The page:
"First, using knowingly false claims of election fraud, the Defendant and co-conspirators attempted to convince the Vice President to use the Defendant's fraudulent electors, reject legitimate electoral votes, or send legitimate electoral votes to state legislatures for review rather than counting them. When that failed, on the morning of January 6, the Defendant and co-conspirators repeated knowingly false claims of election fraud to gathered supporters, falsely told them that the Vice President had the authority to and might alter the election results, and directed them to the Capitol to obstruct the certification proceeding and exert pressure on the Vice President to take the fraudulent actions he had previously refused."

5. Exploitation of the disruption at the Capitol as violence ensued on January 6th.

"After it became public on the afternoon of January 6 that the Vice President would not fraudulently alter the election results, a large and angry crowd— including many individuals whom the Defendant had deceived into believing the Vice President could and might change the election results— violently attacked the Capitol and halted the proceeding. As violence ensued, the Defendant and co-conspirators exploited the disruption by redoubling efforts to levy false claims of election fraud and convince Members of Congress to further delay the certification based on those claims."

A conviction on this charge would be punishable by up to 5 years in prison.

Count 2: 18 U.S.C. § 1512(k) (Conspiracy to Obstruct an Official Proceeding)

The indictment argues that there was a conspiracy to obstruct the official proceedings of the election, particularly the counting of the electoral votes on January 6th. A conviction on this charge would be punishable by up to 20 years in prison.

Count 3: 18 U.S.C. §§ 1512(c)(2), 2 (Obstruction of and Attempt to Obstruct an Official Proceeding)

This count relates closely to the previous one. It focuses directly on the act and attempted act of obstructing and impeding (or disrupting) the joint session of Congress (an official proceeding).

According to the New York Times, prosecutors have successfully used this law to charge numerous individuals who participated in the January 6th storming of the Capitol, accusing them of “obstructing the joint session of Congress to certify Mr. Biden’s victory.” A federal appeals court in April upheld the feasibility of applying that charge to perpetrators in the Capitol attack. Its use against Trump may raise “different issues” as he did to take part in the riot personally.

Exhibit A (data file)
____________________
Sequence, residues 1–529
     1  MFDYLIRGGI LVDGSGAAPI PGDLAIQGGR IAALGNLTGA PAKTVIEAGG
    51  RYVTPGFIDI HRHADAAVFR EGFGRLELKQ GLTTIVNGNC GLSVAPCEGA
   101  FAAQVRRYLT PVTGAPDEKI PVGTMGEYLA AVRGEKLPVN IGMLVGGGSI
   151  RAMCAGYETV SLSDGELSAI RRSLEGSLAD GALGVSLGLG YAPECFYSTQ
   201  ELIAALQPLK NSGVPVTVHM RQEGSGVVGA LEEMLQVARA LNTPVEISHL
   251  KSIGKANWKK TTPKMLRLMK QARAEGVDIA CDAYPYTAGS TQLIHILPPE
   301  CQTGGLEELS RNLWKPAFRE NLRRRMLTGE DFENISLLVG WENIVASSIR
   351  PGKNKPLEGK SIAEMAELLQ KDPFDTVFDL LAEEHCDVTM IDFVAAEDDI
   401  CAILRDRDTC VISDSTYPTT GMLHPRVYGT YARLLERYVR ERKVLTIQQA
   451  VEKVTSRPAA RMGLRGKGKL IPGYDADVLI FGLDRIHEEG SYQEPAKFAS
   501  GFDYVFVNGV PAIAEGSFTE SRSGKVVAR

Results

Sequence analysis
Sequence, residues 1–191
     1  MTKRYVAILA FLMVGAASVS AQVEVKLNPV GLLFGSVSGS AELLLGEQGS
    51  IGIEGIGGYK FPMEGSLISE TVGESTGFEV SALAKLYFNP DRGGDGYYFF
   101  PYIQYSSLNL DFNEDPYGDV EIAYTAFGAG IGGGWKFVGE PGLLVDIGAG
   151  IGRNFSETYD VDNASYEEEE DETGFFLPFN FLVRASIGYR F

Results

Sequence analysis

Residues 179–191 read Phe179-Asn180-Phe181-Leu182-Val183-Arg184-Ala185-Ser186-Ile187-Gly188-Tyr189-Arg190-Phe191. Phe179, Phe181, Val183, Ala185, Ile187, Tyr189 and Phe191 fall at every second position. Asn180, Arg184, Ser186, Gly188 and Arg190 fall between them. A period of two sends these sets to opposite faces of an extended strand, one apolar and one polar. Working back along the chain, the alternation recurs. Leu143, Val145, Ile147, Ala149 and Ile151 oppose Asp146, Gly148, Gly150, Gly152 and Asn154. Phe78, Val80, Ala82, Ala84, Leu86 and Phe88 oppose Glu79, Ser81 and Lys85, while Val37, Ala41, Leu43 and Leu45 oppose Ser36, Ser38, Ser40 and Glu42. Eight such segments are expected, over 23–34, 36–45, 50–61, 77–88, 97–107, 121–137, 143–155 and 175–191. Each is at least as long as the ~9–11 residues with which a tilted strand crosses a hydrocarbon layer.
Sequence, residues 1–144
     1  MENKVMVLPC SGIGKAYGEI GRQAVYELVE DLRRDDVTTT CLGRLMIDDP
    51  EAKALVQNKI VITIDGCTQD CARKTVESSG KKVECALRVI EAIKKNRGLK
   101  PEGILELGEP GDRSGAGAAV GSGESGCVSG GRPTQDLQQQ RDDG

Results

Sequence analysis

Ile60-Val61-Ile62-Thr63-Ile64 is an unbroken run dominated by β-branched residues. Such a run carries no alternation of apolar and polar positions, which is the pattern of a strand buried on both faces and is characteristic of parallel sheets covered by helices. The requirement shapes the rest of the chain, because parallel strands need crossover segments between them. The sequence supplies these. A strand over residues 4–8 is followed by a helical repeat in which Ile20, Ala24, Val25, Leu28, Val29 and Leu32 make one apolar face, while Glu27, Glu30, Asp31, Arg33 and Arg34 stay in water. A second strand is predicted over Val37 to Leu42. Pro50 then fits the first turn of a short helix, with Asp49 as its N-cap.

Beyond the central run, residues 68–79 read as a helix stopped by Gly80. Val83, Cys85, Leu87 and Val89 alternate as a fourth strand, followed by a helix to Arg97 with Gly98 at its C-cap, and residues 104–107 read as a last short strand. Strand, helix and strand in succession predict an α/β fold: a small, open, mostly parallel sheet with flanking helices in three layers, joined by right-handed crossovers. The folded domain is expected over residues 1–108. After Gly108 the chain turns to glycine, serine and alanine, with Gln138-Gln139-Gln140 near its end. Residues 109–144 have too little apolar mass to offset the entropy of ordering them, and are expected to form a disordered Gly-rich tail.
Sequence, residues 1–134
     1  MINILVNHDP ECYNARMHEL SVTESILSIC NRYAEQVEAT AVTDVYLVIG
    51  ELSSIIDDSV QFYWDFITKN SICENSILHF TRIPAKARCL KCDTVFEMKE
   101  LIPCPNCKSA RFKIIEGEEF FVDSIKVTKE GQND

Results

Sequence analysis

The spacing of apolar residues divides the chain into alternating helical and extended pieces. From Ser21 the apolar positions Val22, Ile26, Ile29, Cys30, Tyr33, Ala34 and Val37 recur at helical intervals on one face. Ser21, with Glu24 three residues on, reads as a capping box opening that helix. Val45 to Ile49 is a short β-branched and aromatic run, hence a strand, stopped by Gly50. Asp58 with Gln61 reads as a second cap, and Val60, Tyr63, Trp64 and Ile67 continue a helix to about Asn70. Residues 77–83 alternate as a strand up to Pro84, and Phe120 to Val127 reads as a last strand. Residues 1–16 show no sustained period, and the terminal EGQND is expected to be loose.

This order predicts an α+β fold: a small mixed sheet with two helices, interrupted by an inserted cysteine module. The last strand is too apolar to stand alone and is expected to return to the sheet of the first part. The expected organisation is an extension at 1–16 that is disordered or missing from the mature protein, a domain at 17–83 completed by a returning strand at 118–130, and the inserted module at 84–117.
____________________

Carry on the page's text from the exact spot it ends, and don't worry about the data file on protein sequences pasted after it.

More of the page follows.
A conviction on this charge would be punishable by up to 20 years in prison.

Count 4: 18 U.S.C. § 241 (Conspiracy Against Rights)

"The defendant...did knowingly combine, conspire, confederate, and agree with co-conspirators, known and unknown to the Grand Jury, to injure, oppress, threaten, and intimidate one or more persons in the free exercise and enjoyment of a right and privilege secured to them by the Constitution and laws of the United States—that is, the right to vote, and to have one's vote counted."

This statute was enacted after the Civil War during Reconstruction. It was the first in a series of measures, known as the Ku Klux Klan Acts and collectively called the Reconstruction Amendments, designed to protect the rights guaranteed by the 13th, 14th, and 15th Amendments. In recent history, this law has been used to punish election interference.

A conviction on this charge would be punishable by up to 10 years in prison.

For more detail and information, read: “Trump is charged under civil rights law used to prosecute KKK violence.”

Image via Wikipedia Commons

The Outcome

According to polls by the New York Times and the BBC, support for Trump’s candidacy remains strong, despite his potential convictions and legal jeopardy. Former president Donald Trump is currently the apparent forerunner for the Republican presidential nomination in 2024.

Trump also faces a possible fourth indictment in Georgia for pressuring state officials to reverse his defeat in 2020. According to the BBC, “...there is little evidence that the third indictment or even a fourth will measurably alter the landscape of the Republican presidential race.” In fact, it is claimed that his criminal charges have actually strengthened his position, and most Republican voters see the charges as being politically motivated.

Former President Trump has pleaded not guilty to the January 6th related charges. The next case hearing is set for August 28th, five days after the first Republican primary debate.

For further inquiry and reading, the New York Times has been covering both the January 6th case and the 2022 Midterm Elections. The Washington Post has also been providing live updates on Trump’s case and arraignments, which can be viewed here.

Note: Arraignments are the “...first step in a criminal proceeding where the defendant is brought in front of the court to hear the charges against them and enter a plea.” (Definition from the Legal Information Institute)

Sophia Benito
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Writer since Mar, 2023 · 4 published articles

Sophia Benito is a 16-year-old writer from San Diego. She writes creatively for online teen publications and loves reading.